- The French government is going another round in the ring with India over roles and responsibilities to build six 1650 MW EPRs at the Jaitapur site on the west coast.
- EDF wants to have the lead for engineering and, obviously, a large piece of the procurement pie, with NPCIL being in charge of construction.
- For its part NPCIL wants EDF to have all three roles – engineering, procurement, and construction, due to risks associated with cost overruns.
In one of the longest running “we’re gonna build it” soap operas in the global nuclear industry, the latest round of negotiations over the Jaitapur project has push back on both sides over who does what and when.
Since 2007 when the Areva deal was first announced NPCIL has been digging in its heels about not wanting to accept any responsibility for project success or failure. This stance of having EDF and Areva holding the bag, so to speak, is based on NPCIL’s well founded fear of schedule delays and cost overruns. EPRs under construction in Finland and France provide ample grounds for these concerns.
NPCIL has now added a new condition for breaking ground, and that is operational experience with a “reference plant.” By this the Indian nuclear energy development agency means it wants to know that an EPR is up and running and that issues like reliability and costs are well documented.
For its part, Areva points to the two EPRs nearing completion at Taishan in Guangdong province in China which are expected to be in revenue service by the end of 2017. NPCIL says, in response, ‘fine we’ll wait.’ Areva also offered the Flammanville EPR as a reference plant which is expected to be complete in 2018.
But that’s not the end of it. At an estimated cost of $4,000/Kw, each EPR is expected to cost close to $7 billion. NPCIL is asking the French government, which owns about 85% of both EDF an Areva to provide India with a line of credit to pay for all six reactors.
So, consider the size of the project. By the numbers it comes to almost 10 Gwe of electrical power costing more than $42 billion. Assuming the reactors are built in pairs, intelligent scheduling suggests that units 1 & 2, if started in 2018, will be complete in 2023; units 3 & 4 would be complete by 2026, and units 5 & 6 would be complete by the end of the decade.
South Korea was able to figure out how to build four 1400 MW PWR type reactors for the UAE without defaulting to a serial series of starts and finishes.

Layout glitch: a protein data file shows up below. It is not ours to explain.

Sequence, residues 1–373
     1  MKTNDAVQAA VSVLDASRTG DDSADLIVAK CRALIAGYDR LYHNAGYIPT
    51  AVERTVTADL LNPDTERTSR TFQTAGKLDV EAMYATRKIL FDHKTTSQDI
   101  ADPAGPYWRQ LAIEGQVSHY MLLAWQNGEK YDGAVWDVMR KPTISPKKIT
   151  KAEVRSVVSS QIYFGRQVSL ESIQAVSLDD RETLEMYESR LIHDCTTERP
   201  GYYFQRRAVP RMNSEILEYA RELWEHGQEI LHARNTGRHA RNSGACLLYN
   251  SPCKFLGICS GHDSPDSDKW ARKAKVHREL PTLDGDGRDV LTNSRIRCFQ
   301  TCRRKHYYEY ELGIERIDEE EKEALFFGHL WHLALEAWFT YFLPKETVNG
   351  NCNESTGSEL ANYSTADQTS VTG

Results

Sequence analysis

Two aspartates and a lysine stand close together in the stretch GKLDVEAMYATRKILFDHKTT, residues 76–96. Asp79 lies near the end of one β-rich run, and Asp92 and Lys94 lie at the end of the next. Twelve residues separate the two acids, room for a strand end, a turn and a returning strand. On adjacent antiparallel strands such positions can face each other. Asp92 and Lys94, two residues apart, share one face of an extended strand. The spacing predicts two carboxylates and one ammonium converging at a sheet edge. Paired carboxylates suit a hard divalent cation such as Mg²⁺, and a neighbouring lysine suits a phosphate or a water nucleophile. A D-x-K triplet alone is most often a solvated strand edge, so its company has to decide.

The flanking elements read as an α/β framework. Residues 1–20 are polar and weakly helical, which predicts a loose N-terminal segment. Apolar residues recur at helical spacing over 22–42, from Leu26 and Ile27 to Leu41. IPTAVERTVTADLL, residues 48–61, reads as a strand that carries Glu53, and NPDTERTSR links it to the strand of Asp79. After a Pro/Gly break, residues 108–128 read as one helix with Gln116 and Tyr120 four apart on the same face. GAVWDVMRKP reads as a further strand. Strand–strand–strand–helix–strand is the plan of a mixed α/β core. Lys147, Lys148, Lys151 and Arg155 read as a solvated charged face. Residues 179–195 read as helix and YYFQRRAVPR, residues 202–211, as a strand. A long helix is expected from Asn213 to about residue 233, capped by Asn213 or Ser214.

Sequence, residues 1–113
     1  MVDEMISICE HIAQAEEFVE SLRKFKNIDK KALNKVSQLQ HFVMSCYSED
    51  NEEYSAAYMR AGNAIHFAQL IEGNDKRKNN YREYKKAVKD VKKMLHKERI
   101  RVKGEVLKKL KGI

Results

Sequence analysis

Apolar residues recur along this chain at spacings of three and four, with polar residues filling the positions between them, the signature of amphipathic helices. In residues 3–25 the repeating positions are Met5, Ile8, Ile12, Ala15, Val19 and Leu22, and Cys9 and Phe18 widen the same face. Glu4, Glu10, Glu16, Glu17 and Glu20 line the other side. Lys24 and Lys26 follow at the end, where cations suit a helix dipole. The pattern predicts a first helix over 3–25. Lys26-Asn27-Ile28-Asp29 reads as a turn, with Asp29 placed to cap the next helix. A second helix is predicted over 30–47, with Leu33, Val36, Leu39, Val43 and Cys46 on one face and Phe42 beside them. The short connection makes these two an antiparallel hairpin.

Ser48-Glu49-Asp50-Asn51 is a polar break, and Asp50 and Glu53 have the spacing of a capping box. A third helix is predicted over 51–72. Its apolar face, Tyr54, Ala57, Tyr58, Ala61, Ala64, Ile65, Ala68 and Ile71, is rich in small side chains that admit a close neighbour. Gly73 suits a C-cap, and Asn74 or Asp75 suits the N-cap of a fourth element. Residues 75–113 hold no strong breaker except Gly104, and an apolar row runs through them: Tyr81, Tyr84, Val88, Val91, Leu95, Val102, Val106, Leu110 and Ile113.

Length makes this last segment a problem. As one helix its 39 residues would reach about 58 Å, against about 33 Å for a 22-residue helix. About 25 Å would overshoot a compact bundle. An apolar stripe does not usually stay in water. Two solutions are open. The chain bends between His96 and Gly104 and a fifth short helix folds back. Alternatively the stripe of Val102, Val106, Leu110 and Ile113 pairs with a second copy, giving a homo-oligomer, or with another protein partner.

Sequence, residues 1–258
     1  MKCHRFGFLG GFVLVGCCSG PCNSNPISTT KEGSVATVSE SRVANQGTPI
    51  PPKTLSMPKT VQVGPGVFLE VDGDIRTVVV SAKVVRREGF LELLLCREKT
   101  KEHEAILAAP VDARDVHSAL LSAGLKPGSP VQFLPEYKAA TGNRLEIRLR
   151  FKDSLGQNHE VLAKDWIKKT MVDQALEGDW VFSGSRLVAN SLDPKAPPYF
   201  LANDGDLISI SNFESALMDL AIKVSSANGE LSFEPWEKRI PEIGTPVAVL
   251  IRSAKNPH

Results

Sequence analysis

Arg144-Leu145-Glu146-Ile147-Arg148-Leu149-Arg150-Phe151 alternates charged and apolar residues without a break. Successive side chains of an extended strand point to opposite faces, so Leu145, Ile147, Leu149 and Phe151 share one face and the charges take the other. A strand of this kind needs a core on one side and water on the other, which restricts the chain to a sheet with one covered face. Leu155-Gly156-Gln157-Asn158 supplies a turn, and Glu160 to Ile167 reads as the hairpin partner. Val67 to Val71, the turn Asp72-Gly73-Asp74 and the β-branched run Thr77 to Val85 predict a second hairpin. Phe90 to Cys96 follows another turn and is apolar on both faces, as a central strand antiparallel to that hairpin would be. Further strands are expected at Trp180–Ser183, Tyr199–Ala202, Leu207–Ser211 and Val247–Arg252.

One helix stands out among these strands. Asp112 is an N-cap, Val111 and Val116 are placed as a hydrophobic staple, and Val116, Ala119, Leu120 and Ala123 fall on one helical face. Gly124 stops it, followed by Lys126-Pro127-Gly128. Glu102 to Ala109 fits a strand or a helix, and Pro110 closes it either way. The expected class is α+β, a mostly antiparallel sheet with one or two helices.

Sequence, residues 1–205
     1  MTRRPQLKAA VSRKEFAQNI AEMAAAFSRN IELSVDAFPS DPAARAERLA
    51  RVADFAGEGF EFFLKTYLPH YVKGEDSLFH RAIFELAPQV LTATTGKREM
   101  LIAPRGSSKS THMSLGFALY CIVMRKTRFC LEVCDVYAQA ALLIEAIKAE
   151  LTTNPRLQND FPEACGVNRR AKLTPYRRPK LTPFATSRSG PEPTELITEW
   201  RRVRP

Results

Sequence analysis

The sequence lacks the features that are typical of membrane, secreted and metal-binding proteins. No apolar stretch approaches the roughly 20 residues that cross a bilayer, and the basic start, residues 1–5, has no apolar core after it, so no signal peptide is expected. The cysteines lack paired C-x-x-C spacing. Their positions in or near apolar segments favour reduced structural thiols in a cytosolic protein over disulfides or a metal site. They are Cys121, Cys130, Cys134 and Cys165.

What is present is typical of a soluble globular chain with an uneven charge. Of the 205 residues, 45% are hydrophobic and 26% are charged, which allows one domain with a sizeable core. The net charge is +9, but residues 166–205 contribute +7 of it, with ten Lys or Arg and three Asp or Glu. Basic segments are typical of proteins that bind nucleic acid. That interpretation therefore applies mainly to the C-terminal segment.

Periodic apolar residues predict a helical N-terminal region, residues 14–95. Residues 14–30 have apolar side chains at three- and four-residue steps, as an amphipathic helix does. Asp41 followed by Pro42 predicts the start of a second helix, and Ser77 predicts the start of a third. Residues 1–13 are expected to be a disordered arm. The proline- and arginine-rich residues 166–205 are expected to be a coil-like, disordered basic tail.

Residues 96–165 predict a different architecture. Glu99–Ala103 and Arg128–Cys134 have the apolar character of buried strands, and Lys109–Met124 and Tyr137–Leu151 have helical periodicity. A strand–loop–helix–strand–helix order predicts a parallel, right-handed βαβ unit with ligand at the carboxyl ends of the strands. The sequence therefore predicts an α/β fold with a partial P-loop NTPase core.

But India doesn’t seem to work that way. At Kudankulam, in Tamil Nadu, NPCIL waited until Units 1 &2, each 1000 MW Russian built VVERs, were fully commissioned before breaking ground on Units 3 &4. Contracts are just now being drawn up between Rosatom and NPCIL for Units 5 & 6.
The longer it takes the complete all six EPRs the more the later units are going to cost. This brings us back to NPCIL wanting EDF and Areva not only to carry all the risk, but also to provide the credit line for the costs. That’s a lot of water to carry. It comes as no surprise the EDF wants to see NPCIL be more of a partner and less of a pirate in this relationship.
In terms of piracy on the high seas, so to speak, NPCIL wants the purchases of long lead procurement items by EDF from Indian heavy manufacturing firms to be paid for in Euros. Examples include turbines, pumps, and switch station equipment. Why India doesn’t trust its own currency is a mystery. Another odd item is that India wants to place a tariff on French nuclear components brought into the country by EDF.
Given the interesting negotiations taking place, it should be noted that French President Emmanuel Macron is expected to pay a state visit to India by the end of 2017. This puts some pressure on all parties to complete a general framework agreement that ties up all the loose ends before then.
Westinghouse, which though bankrupt, still has ambitions to build six 1150 MW AP1000s PWR type reactors at Andhra Pradesh on India’s east coast. The new executive team in Pittsburgh might want to look at how the deal with EDF is shaping up before they take the next flight to New Delhi to discuss that project.
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